“The Commission recommends the Government of India, states and Union Territories, besides the respondent authority in this case, to take necessary steps to enforce the right to information, i.e., forcing the private hospitals to give medical records of the patients on day to day basis, because this daily disclosure will prevent undesirable practices of altering records after damage caused to patient. Forcing the private hospitals to provide daily wise medical records will also act as a check on some hospitals from resorting to CIC/SA/A/2014/000004 Page 30 extortionist, inhuman and ruthless business of prescribing unnecessary diagnostic tests, unnecessary surgical operations, caesarean deliveries, unwarranted angioplasties, inserting stents, without need, or of substandard nature, or putting low quality stent while collecting price of high quality stent, and several such malpractices amounting to medical terrorism, etc. They should not be allowed to such malpractices with all impunity and get away without any legal consequences as if there is an absolute immunity. The Government, Medical Council of India and the health regulatory has to see that licence to practice medicine will not become licence to kill and extort and come to the rescue of helpless patients.”

A Bombay High Court ruled against Ruby hall clinic and said that patient has a right over his record with the hospital and hospital should provide  copy of it within a reasonable time ( MMC says 3days ) and hospital is entitled to charge a reasonable amount for the same.

A hospital should provide a copy of the patient's medical record when requested by the patient. But the above right cannot be enforced under the MCI, 2002, Regulations.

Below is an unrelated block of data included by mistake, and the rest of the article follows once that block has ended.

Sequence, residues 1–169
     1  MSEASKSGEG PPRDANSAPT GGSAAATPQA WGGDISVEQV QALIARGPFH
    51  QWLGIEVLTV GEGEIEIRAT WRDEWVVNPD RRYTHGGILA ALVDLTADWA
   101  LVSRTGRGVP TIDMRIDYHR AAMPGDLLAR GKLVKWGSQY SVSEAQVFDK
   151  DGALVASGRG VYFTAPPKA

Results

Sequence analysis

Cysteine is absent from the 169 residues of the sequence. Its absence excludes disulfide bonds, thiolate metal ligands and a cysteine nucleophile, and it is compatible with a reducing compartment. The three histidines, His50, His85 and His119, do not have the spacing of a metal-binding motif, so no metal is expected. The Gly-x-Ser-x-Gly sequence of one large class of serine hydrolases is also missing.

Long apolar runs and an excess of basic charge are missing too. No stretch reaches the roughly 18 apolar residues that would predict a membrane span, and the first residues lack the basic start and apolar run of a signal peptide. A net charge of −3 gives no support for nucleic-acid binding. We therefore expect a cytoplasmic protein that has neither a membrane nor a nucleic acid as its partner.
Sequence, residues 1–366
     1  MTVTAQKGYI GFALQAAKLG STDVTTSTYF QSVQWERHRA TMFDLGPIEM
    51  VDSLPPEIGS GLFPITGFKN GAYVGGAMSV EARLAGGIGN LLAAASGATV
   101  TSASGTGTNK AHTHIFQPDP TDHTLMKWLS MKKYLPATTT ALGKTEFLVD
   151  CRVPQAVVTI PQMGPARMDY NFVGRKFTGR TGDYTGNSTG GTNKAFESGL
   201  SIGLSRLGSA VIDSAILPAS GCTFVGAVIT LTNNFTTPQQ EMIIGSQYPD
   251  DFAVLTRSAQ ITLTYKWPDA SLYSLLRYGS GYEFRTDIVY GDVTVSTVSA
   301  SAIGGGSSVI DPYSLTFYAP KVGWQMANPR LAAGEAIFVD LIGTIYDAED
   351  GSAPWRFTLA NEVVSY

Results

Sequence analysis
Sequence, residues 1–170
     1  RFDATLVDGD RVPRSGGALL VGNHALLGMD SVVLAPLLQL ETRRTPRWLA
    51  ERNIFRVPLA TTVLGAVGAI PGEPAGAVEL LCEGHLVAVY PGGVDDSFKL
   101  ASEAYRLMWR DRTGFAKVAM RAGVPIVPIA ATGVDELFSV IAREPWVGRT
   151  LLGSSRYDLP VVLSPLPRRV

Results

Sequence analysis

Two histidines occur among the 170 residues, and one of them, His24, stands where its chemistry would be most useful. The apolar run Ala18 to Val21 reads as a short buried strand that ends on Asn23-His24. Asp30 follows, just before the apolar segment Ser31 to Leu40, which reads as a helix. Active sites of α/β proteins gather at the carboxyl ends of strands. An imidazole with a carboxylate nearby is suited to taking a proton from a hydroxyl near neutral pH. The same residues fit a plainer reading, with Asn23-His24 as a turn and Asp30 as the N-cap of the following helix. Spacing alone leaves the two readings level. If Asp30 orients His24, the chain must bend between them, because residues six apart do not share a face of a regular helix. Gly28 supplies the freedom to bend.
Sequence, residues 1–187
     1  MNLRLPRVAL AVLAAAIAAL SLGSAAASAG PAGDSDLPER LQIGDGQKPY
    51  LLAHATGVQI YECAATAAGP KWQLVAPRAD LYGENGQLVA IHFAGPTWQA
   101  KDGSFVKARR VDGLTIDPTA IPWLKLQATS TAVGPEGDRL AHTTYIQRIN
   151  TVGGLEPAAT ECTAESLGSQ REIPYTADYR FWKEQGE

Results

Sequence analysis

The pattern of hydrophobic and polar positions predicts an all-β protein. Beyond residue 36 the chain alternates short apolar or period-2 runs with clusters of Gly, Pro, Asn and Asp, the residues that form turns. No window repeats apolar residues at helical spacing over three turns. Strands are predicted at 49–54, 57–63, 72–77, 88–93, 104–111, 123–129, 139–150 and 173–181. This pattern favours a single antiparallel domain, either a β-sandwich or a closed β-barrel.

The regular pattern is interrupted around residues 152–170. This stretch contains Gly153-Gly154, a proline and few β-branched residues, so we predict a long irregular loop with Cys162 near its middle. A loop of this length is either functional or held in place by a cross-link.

The patient's indoor medical case sheet is a property of the hospital and the patient has only a right to get a copy, not the original record.

How long records of patients should be maintained?

 

 

·         As per the proposed / draft “Clinical Establishments (Registration and Regulation) Rules, 2010,  “Copies of all records and statistics shall be kept with the clinical establishment concerned for at least 3 or 5 years or in accordance with any other relevant Act in force at the time”.

·         As per Regulation 1.3.1 of the Indian Medical Council (Professional conduct, Etiquette and Ethics) Regulations, 2002, “Every physician shall maintain the medical records pertaining to his / her indoor patients for a period of 3 years from the date of commencement of the treatment in a standard proforma laid down by the Medical Council of India and attached as Appendix 3”.

·          As per Rule 6F (3) of the Income Tax Rules, 1962, doctors in private practice are required to  preserve the daily case register as per Form 3C for a period of six years from the end of the relevant assessment year. That would ordinarily mean for seven years from the close of the accounting year.

·          As per Punjab Medical Manual (1934), the medicolegal record is to be preserved for 12 years.

·          As per the DGHS vide letter No. 10-3/68-MH dated 31-8-68, records should be maintained as follows:

For inpatient medical records (case sheets)……………….10 years

For medico-legal registers…………………………………….10 years

For outpatient records………………………………………….5 years

The above requirement can be found in the “Hospital Manual” published in 2002 by the Directorate General of Health Services, MOHFW, GOI, in chapter 12 titled “Medical Record Services”.

In summary medical records belong to the medical professionals / entities but patients generally have a right to review them, demand copies of them, and to demand their confidentiality as per the MCI ethics regulations.